Name That Combo

Posted in Learning Curve on June 4, 2003

By Brian David-Marshall

Brian David-Marshall is a New York–based game designer who has been involved with Magic since 1994, when he started organizing tournaments and ran a Manhattan game store. Since then, he has been a judge, a player, and one of the longest-tenured columnists on DailyMTG.com, as he enters his second decade writing for the site. He is also the Pro Tour Historian and one of the commentators for the Pro Tour.

The Old Blue-Green Combo

I have been thinking about one of my favorite Extended decks quite a bit this week. The deck can win on turn four, at which point it generates infinite mana, draws your entire deck into your hand, makes infinite Squirrels, returns all of your opponent's permanents and kills him with an arbitrarily large Stroke of Genius. The deck revolves around Tradewind Rider and Intruder Alarm—two of my all-time favorite cards. For reference I have included the deck list. Note the “clever” deck name; I am definitely open to any suggestions for a better one.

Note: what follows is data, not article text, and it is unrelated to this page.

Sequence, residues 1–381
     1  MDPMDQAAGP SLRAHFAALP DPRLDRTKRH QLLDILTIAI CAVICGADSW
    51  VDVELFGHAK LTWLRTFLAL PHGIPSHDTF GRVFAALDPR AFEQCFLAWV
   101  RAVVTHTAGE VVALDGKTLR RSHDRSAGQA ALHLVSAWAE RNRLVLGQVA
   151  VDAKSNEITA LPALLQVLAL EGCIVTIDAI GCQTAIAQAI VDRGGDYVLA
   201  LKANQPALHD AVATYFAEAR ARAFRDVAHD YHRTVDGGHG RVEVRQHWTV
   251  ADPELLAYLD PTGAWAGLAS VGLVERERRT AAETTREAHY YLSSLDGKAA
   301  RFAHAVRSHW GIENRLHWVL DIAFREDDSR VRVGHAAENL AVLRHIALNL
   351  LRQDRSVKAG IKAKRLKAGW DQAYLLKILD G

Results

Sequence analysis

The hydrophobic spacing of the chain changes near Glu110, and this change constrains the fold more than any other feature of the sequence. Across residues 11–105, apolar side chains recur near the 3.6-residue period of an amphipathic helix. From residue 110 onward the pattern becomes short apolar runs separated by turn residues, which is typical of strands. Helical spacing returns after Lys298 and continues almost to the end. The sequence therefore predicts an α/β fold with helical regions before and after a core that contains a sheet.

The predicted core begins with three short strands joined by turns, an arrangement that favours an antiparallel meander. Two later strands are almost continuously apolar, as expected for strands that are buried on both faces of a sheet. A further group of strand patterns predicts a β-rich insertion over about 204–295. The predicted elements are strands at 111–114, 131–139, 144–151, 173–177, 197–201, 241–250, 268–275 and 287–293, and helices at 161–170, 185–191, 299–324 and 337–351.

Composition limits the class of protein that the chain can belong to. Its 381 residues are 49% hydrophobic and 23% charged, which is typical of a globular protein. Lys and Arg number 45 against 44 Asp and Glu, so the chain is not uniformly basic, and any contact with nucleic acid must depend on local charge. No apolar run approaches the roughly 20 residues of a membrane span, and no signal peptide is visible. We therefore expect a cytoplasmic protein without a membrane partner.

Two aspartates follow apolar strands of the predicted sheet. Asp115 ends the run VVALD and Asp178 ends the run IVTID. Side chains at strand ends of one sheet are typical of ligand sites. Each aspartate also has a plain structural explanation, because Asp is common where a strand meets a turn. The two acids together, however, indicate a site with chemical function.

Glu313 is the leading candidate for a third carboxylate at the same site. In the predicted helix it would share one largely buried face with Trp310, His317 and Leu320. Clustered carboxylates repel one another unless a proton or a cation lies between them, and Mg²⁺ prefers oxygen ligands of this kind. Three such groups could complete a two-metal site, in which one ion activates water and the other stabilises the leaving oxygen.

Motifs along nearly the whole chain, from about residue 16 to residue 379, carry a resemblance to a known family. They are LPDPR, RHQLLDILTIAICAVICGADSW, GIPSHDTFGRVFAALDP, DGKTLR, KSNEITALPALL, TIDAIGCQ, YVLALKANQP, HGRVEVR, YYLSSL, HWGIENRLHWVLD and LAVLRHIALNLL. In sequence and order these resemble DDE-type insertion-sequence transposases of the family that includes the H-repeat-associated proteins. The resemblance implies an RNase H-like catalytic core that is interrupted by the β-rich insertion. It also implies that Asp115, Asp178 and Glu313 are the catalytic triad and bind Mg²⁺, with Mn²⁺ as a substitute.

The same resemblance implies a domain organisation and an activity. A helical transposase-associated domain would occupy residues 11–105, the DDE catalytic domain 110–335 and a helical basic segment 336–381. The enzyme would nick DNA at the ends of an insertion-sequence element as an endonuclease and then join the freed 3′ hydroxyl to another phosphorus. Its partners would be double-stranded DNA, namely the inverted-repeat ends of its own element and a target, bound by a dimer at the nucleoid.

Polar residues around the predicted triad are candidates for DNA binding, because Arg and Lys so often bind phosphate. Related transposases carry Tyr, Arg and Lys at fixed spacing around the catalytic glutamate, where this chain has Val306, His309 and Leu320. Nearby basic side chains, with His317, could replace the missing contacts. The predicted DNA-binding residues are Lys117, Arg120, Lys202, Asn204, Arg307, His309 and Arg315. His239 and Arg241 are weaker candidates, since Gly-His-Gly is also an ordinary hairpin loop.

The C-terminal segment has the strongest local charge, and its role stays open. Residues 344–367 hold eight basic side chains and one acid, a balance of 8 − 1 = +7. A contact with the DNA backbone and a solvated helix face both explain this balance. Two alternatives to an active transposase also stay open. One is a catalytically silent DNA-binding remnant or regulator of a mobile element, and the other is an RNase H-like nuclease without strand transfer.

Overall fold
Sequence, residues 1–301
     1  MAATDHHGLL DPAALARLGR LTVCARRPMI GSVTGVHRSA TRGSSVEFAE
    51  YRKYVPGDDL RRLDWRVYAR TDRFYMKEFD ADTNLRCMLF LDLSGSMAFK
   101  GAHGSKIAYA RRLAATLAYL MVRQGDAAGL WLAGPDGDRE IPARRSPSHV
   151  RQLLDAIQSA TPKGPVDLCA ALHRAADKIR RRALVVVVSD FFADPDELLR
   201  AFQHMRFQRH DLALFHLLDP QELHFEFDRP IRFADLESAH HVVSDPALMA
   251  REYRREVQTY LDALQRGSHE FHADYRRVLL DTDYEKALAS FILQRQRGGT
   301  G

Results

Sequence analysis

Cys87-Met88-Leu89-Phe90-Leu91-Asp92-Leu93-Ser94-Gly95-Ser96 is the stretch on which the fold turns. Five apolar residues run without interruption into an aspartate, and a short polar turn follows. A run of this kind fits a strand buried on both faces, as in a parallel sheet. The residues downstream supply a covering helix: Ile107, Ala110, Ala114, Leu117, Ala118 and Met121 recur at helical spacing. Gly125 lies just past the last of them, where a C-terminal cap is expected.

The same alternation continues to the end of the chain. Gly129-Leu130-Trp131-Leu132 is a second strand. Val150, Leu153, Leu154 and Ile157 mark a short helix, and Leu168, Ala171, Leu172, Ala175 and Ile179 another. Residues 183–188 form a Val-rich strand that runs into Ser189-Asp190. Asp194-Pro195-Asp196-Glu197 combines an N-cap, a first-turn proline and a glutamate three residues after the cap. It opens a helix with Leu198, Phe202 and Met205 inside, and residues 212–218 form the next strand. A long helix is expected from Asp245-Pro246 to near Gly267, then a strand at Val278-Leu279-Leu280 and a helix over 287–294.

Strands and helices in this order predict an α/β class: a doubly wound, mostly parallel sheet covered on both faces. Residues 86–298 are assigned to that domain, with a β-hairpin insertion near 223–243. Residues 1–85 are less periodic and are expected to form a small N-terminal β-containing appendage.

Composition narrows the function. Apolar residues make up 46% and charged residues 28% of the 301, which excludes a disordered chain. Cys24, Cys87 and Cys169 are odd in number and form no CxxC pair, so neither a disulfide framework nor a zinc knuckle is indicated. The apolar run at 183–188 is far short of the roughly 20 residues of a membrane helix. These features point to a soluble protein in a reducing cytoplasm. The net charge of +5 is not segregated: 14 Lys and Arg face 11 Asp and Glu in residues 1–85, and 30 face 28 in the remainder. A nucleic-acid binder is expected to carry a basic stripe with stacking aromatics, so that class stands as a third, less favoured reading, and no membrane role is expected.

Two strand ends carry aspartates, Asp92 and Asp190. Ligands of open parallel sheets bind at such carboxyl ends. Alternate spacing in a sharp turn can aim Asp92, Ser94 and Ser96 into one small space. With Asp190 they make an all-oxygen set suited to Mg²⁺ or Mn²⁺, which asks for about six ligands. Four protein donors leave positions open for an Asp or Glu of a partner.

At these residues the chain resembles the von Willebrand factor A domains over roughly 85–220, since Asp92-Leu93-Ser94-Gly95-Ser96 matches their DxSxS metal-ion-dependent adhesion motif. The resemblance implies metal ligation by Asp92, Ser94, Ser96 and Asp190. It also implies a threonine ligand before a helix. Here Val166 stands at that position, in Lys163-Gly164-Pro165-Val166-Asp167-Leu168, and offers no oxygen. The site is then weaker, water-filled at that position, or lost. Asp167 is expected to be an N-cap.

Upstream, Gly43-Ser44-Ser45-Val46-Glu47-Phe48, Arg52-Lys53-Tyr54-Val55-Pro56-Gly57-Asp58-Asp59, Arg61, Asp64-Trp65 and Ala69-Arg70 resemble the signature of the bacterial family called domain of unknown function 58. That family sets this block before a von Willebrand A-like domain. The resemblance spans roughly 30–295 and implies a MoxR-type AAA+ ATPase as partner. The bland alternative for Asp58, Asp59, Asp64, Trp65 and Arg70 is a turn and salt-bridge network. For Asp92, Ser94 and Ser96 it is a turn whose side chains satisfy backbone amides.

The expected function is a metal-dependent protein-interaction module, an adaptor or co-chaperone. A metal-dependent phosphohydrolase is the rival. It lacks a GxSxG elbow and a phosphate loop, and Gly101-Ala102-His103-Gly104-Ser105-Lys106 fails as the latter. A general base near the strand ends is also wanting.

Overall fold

Tradewind-Intruder Alarm

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Intruder Alarm allows you to exploit the mana generating abilities of the Priest of Titania and the bounce effect of the Tradewind. An example of a fourth turn kill would involve getting a Llanowar Elves and Priest of Titania into play and casting a turn three Tradewind. On the fourth turn you can play Intruder Alarm and a Multani's Acolyte and barring some untimely burn you should win. You need to tap the Priest for two mana to play the Acolyte and when it comes into play you draw a card and the Intruder Alarm goes on the stack. In response you tap your Llanowar, Tradewind and the Acolyte to return the Acolyte to your hand. You are now up one card. You can continue doing this until you find another Llanowar Elves and play it. Your Priest will now produce three mana for each iteration. Every time you find an elf you play it fueling the Priest to make more mana. Once you find a Deranged Hermit you can put five triggers of Intruder Alarm on the stack—once for the Hermit himself and another time for each of the tokens. That means you can get five activations out of the Priest and the Tradewind. With the fifth activation of the Tradewind you return the Deranged Hermit and repeat the process. You now are capable of drawing every card in your deck, making infinite Squirrels, returning all of your opponent's permanents AND making infinite mana to Stroke of Genius your opponent for enough card that he should be forced to lose two games.